Jetstar Airways is looking at new widebody route opportunities using the 787-8s freed up from Bali flights as A321neoLRs are delivered but is not about to select any new routes anytime soon.
- Jetstar Airways expects to free up three 787-8s in 2020 to 2022 as A321neoLRs replace 787s on Australia-Bali routes;
- Jetstar does not plan to select new widebody routes until closer to 2020 as market conditions are constantly changing;
- Jetstar has reviewed several attractive new long-haul routes from Australia but is unable to launch new routes given its limited 787 fleet;
- Jetstar has no plans to expand the 787 fleet beyond the current 11 aircraft and instead will pursue modest expansion using the three aircraft freed up from the Bali routes;
- Jetstar has no intentions of basing any of the 11 787s in Asia.
Jetstar CEO Gareth Evans told the CAPA Global LCC Summit in Singapore on 2-Mar-2018 that new widebody routes from Australia will be launched as A321neoLRs replace 787-8s on Australia-Bali routes. Basing widebody aircraft overseas is not a consideration as operating a small 787 fleet from Japan or another joint venture market would be subscale.
Jetstar is not planning to expand its widebody fleet, which now consists of 11 787-8s. Mr Evans said in a CAPA TV interview after his presentation at the Global LCC Summit that using A321neoLRs to replace the equivalent of three 787-8s “essentially gives us 787 growth in a really efficient way for the period up to 2022”.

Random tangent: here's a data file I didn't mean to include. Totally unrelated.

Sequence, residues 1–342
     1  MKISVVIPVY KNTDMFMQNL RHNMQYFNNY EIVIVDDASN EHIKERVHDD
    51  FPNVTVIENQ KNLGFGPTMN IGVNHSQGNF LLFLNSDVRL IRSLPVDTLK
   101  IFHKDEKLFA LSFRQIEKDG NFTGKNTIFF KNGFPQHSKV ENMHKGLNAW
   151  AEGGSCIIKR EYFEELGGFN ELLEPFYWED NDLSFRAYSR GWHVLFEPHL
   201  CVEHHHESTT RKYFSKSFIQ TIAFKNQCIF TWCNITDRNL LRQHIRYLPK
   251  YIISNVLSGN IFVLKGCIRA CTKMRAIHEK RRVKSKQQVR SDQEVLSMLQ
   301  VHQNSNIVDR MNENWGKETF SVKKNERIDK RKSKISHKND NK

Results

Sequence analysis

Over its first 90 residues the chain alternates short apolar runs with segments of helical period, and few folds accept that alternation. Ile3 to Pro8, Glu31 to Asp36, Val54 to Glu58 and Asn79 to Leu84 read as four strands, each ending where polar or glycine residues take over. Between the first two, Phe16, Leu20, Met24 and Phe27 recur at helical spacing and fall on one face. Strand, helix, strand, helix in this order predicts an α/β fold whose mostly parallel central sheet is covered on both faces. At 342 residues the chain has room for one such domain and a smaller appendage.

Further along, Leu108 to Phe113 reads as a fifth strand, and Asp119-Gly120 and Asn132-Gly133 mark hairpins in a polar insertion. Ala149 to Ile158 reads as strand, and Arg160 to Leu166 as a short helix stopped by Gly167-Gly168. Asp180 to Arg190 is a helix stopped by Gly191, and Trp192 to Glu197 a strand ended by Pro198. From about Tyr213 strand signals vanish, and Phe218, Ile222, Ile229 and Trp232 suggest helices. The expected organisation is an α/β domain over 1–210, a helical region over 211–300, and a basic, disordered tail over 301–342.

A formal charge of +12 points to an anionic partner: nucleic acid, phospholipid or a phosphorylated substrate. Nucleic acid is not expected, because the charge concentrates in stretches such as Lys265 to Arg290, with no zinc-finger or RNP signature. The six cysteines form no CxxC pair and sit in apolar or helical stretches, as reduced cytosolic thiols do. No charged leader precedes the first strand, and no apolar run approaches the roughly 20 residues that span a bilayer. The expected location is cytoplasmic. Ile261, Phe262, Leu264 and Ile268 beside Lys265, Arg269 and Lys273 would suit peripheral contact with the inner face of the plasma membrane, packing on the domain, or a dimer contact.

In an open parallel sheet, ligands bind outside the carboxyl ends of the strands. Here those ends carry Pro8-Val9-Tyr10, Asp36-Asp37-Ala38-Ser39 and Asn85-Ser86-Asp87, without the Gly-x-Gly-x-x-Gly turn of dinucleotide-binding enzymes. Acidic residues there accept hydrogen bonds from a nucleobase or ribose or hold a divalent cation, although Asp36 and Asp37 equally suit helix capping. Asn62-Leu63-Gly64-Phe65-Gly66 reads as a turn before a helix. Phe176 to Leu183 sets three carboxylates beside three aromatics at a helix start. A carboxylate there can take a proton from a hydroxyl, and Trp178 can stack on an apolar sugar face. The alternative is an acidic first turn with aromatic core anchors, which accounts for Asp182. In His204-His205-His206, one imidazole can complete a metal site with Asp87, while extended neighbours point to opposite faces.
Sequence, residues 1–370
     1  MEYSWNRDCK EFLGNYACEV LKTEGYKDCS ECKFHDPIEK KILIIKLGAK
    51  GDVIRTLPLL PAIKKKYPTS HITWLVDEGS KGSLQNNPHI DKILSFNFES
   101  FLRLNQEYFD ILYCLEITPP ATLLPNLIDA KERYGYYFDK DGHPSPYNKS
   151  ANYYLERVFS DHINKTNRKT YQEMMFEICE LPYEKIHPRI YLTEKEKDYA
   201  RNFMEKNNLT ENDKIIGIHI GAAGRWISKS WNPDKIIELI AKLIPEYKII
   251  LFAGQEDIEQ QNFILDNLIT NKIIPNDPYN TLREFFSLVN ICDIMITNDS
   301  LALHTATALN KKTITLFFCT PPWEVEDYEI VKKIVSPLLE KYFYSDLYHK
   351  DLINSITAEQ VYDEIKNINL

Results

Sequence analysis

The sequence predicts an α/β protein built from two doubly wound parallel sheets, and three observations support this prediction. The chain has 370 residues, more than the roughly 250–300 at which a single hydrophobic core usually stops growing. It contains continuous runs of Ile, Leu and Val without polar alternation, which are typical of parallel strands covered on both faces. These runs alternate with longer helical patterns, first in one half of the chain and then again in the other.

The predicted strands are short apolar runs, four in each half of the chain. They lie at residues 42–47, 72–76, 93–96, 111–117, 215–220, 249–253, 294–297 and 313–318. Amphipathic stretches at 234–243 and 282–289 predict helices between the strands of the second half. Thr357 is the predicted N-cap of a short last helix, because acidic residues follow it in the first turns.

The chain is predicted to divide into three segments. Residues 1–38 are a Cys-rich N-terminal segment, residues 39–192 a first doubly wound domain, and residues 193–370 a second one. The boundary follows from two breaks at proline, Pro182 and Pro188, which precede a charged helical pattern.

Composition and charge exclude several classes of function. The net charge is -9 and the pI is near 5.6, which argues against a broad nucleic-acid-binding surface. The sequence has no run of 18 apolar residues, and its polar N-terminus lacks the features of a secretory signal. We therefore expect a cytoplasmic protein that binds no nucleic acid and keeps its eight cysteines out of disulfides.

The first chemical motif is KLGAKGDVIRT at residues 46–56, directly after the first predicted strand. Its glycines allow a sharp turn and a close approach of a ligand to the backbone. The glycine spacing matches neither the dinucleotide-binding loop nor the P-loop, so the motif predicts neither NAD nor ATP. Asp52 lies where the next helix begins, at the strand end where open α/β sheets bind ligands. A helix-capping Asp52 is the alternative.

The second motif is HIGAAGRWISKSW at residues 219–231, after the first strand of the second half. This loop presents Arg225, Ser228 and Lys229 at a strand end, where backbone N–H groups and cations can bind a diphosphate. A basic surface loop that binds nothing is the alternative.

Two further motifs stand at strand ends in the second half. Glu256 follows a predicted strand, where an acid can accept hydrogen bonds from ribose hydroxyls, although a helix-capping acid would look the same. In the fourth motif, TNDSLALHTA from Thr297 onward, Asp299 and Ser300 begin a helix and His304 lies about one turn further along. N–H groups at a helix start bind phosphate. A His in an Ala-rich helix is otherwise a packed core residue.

However, any decision on a long-haul route will not be made until much closer to mid 2020, when the first A321neoLR is slated to be delivered. “We won’t make a decision until we get closer to the time because in aviation things change quickly,” Mr Evans said. “Good markets turn into average markets. Markets that today may not be performing brilliantly may well be strong markets by then. But this does gives us the opportunity to add significant increased flying to new destinations or new frequencies to existing destinations with a super-efficient new generation widebody jet.”
He added that there are now several new long-haul routes from Australia which could be successful but Jetstar does not have the capacity to consider them. “There’s always good business cases. These are fantastic aircraft. There’s been a lot of business cases put on the table recently but we have not had the aircraft to be able to take advantage of them. This gives us aircraft time on the 787 to do that.”
The three 787s freed up from the Bali routes will be used on routes of over 6000km which are not within range of Jetstar’s A321neoLRs. Brisbane, Melbourne and Sydney to Bali are Jetstar’s shortest widebody international routes and are all approximately 4500km long.
CAPA and Blue Swan have highlighted 16 new routes from Australia that are 4300km to 6000km long which could potentially be launched with Jetstar’s A321neoLR fleet. However, only a few of these are likely to be launched as Bali routes and domestic routes will use almost all of the capacity generated by the 18 A321neoLRs.
Jetstar currently operates 12 long-haul international routes other than Bali, linking four gateways in Australia with China, Japan, Singapore, Thailand, Vietnam and Hawaii. All of these routes are at least 6000km long and therefore are not in range of the A321neoLR given Jetstar’s high density 232-seat single class configuration.
Jetstar will likely add capacity on some of these 12 existing while also adding a few new routes. “This is not about replacing the 787 but … freeing up some of the 787 capacity to add additional destinations or additional frequencies to the rest of the Jetstar international network, a network which is performing incredibly strongly,” Mr Evans said.